EPM2A, laforin glucan phosphatase
The EPM2A gene provides instructions for making a protein called laforin. Although this protein is active in cells throughout the body, it appears to play a critical role in the survival of nerve cells (neurons) in the brain.
Studies suggest that laforin has multiple functions within cells. To carry out these functions, laforin interacts with several other proteins, including malin (which is produced from the NHLRC1 gene). These proteins are part of complex networks that transmit chemical signals and break down unneeded or abnormal proteins. Additionally, laforin may act as a tumor suppressor protein, which means that it keeps cells from growing and dividing in an uncontrolled way.
Laforin and malin likely play a critical role in regulating the production of a complex sugar called glycogen. Glycogen is a major source of stored energy in the body. The body stores this sugar in the liver and muscles, breaking it down when it is needed for fuel. Researchers believe that laforin and malin may prevent a potentially damaging buildup of glycogen in tissues that do not normally store this molecule, such as those of the nervous system.
More than 50 mutations in the EPM2A gene have been identified in people with Lafora progressive myoclonus epilepsy. Many of these mutations change single protein building blocks (amino acids) in the laforin protein. Other mutations delete or insert genetic material in the EPM2A gene. Almost all mutations in this gene prevent cells from producing any laforin or lead to the production of a nonfunctional version of the protein.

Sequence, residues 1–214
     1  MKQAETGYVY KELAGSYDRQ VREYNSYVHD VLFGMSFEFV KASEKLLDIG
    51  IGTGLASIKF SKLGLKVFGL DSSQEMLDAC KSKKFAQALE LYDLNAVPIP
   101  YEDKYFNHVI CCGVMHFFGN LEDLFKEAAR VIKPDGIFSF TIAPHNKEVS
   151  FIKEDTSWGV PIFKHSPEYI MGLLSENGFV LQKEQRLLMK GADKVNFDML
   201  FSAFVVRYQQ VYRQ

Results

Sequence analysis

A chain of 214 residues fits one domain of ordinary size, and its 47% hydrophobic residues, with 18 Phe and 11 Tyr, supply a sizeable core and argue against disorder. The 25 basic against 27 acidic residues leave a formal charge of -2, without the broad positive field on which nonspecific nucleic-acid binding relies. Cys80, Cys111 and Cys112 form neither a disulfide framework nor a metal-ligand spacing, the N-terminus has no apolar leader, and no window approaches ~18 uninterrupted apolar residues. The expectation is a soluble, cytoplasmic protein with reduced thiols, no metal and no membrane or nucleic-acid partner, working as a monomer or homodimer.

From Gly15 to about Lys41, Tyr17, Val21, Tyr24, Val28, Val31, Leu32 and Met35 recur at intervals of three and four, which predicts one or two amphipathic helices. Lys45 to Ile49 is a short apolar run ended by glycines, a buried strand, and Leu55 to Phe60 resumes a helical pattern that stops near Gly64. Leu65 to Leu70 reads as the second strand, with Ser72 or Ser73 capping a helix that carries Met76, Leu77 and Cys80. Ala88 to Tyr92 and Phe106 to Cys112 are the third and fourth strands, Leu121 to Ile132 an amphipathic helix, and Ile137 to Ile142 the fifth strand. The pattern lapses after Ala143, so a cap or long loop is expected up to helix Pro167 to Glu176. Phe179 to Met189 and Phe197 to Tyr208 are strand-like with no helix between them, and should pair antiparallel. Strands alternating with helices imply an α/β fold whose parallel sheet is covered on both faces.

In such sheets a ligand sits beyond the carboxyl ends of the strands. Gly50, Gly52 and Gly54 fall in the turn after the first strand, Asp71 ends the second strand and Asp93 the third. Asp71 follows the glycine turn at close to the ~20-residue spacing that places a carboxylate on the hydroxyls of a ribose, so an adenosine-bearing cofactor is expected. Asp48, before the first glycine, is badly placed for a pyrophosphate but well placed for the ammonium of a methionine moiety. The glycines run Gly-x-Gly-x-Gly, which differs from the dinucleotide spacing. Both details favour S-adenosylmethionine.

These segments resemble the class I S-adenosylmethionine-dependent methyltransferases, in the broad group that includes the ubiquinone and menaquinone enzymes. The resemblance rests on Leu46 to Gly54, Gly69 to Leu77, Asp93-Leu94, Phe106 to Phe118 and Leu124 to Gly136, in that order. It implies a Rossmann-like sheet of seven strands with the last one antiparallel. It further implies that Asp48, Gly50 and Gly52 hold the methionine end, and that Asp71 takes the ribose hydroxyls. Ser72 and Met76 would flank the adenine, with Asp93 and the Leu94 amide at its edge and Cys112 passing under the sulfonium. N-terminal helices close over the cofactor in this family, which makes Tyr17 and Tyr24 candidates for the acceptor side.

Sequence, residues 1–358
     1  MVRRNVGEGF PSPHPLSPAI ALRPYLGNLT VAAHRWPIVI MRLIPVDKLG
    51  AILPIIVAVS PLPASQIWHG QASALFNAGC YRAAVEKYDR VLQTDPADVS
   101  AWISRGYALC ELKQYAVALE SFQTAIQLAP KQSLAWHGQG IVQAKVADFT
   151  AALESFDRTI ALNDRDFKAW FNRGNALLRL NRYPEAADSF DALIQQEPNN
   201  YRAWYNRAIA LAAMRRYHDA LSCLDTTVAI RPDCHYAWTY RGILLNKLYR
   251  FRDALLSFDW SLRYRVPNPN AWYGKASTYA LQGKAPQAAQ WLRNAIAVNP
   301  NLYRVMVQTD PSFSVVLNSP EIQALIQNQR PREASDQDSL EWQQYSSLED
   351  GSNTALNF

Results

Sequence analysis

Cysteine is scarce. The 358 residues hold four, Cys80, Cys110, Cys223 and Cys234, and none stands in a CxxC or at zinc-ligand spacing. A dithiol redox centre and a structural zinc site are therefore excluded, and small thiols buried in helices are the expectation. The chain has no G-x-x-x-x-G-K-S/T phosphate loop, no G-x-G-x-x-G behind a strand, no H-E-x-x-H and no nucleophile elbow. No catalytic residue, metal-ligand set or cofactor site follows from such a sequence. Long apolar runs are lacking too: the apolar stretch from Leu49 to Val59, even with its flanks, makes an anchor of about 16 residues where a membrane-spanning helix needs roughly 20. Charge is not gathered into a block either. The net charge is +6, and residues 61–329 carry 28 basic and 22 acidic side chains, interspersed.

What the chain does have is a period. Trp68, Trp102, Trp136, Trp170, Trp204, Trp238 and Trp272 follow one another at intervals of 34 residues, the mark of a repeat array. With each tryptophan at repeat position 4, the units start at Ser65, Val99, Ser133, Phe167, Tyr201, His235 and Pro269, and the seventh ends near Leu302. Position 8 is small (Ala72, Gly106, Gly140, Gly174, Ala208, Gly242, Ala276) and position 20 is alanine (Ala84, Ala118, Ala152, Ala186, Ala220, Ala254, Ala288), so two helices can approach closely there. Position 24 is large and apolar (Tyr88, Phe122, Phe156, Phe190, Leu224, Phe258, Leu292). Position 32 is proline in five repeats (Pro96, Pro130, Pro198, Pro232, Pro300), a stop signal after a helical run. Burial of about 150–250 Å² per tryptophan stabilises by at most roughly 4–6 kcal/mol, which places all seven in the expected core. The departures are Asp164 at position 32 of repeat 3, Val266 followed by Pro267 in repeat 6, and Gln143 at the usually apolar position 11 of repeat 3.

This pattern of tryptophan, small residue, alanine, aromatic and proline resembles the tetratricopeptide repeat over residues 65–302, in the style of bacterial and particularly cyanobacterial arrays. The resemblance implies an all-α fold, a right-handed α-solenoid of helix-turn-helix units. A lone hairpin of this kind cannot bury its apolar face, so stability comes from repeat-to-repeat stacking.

It is unclear how mutations in the EPM2A gene lead to the major features of Lafora progressive myoclonus epilepsy. Studies suggest that a loss of laforin prevents cells from regulating the production of glycogen. As a result, distinctive clumps called Lafora bodies form within many types of cells. Lafora bodies are made up of an abnormal form of glycogen (called polyglucosan) that cannot be broken down and used for fuel. Instead, polyglucosans build up to form clumps that can damage cells. Neurons appear to be particularly vulnerable to this type of damage. Although Lafora bodies are found in many of the body's tissues, the signs and symptoms of Lafora progressive myoclonus epilepsy are limited to the nervous system.
Researchers are uncertain how a loss of functional laforin contributes to the formation of Lafora bodies. However, a lack of this protein ultimately results in the death of neurons, which interferes with the brain's normal functions. The degeneration of neurons likely underlies the seizures, movement abnormalities, intellectual decline, and other neurological problems seen with Lafora progressive myoclonus epilepsy.
epilepsy, progressive myoclonus type 2, Lafora disease (laforin)
epilepsy, progressive myoclonus type 2A, Lafora disease (laforin)